“So some of the work that we support is focused on, for example, prevention, whether that’s awareness, sharing what hate looks like, identifying early signs, creating community capacity to address hate before it escalates to violence. Some of the programs that we fund really focus in on investigation,” Schnitzer continued. “They want to develop those tools not only of first responders, but of investigators to really dig in and be able to provide that really critical detail to the prosecutors who are working on these programs so that we can have successful prosecutions in these cases.”
In its application for the grant, the Sheriff’s Office said it would “develop a comprehensive approach to addressing hate crimes committed in Flagler County through enhancing agency investigation and reporting capabilities, as well as by forming partnerships with community stakeholders and educating these Non-Governmental Organizations (NGO) and Community Partners in identifying potential hate crimes and targeted violence prevention.”
The Sheriff’s Office will use the money to acquire software and databases “to monitor and document potential violent extremists and lone wolf threat actors” to enhance its existing Targeted Violence Prevention Program (TVPP). It will “monitor individuals on the pathway to violence,” and develop educational programs for community partners. “Expected outcomes include strengthened relationships between community stakeholders and law enforcement,” the application states, “increased collaboration between law enforcement and prosecuting agencies; and review and development of policies and procedures that foster increased reporting, identification, and charging of hate crimes leading to increased trust and confidence in the ability of FCSO to identify, investigate, and assist in the prosecution of hate crimes.”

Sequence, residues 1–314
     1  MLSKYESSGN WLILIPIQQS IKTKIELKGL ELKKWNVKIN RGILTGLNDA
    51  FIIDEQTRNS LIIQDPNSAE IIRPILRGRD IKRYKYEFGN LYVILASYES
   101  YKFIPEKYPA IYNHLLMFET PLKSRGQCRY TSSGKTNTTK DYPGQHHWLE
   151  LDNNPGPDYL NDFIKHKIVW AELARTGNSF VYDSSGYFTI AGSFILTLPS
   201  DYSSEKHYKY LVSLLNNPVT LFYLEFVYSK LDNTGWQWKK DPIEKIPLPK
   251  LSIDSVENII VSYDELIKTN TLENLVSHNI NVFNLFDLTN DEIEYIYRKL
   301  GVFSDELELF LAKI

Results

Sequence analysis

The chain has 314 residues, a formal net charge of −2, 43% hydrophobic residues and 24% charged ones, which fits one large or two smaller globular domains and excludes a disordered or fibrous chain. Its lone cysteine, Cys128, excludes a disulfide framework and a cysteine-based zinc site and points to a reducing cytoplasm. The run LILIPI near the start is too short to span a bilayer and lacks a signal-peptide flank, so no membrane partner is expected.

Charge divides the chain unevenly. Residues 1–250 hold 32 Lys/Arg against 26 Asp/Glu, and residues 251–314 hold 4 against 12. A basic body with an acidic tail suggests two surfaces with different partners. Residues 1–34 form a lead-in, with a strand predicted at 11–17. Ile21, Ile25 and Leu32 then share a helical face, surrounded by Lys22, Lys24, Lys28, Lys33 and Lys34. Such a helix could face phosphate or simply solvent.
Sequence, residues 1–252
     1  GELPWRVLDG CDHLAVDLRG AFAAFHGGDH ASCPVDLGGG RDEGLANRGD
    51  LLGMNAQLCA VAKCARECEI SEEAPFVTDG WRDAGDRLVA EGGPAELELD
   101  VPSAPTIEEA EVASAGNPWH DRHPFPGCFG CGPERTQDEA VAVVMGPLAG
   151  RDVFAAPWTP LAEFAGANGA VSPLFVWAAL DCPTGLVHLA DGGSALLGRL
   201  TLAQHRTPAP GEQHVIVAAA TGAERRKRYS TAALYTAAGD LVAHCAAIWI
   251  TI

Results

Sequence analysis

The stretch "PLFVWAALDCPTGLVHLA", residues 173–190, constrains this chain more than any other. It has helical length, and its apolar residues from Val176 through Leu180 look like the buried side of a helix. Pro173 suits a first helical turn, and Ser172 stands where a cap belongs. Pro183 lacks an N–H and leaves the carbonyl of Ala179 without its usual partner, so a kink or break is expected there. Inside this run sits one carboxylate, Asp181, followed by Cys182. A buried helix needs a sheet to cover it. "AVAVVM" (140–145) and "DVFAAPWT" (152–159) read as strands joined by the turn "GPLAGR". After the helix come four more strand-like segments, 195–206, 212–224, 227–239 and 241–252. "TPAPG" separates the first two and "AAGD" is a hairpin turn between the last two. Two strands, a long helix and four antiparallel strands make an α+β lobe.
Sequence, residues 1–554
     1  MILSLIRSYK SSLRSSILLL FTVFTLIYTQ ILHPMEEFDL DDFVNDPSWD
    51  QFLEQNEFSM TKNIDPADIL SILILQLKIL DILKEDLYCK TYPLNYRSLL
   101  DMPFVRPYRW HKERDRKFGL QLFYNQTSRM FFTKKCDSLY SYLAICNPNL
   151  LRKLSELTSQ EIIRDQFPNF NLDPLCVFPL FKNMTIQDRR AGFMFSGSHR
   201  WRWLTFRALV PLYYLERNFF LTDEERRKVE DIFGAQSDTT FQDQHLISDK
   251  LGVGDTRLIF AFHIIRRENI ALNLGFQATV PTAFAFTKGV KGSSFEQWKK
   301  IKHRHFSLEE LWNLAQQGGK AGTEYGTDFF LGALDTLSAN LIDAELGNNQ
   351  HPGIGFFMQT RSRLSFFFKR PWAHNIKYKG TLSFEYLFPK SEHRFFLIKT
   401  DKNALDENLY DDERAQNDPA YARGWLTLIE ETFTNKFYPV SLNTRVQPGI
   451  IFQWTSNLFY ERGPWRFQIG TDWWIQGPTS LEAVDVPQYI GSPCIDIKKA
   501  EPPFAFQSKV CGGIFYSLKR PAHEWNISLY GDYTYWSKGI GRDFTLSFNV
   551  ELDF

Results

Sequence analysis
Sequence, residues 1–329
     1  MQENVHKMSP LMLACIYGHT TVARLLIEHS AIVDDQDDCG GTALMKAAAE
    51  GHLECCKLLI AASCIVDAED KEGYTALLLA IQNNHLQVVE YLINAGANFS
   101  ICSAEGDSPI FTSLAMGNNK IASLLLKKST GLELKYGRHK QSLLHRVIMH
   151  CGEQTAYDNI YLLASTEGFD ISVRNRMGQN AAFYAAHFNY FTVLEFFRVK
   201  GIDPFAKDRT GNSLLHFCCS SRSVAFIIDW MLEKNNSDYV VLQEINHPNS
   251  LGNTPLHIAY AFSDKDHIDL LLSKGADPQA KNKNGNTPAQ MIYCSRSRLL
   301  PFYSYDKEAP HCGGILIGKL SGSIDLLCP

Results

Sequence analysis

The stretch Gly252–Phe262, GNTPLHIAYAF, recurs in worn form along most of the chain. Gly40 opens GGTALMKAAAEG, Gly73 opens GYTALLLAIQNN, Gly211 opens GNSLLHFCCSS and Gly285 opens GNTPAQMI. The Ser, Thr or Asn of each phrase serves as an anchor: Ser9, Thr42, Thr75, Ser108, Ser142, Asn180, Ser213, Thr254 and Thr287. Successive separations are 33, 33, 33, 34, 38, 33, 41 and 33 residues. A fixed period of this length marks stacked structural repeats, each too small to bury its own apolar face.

“Flagler County was the last county in Florida to desegregate its schools. Today, there is no room for hate in our community,” Staly said in a statement with the grant’s announcement. “Our deputies are already on alert for any biased-based criminals and threats and our agency works hard to prevent targeted violence against anyone in our community and will not be tolerated.” Since 2020, the agency has has secured over $3.7 million in grants.
The Department of Justice grant takes its name from a federal law, the Matthew Shepard and James Byrd Jr. Hate Crimes Prevention Act, that then-President Obama signed into law in October 2009. That law expanded a hate-crime law already on the books. Until then the law defined a hate crime as being motivated by racial, religious or ethnic prejudice. The expansion added gender, sexual orientation, gender identity and disability.
Shepard was a 21-year-old freshman at the University of Wyoming when, in October 1998–during Gay Awareness Week–two men kidnapped him, tied him to a ranch fence and beat him mercilessly. He died five days later. Byrd was a 49-year-old Black Texan three white supremacists tortured and dragged with their pick-up truck for three miles. Byrd was alive for half that distance.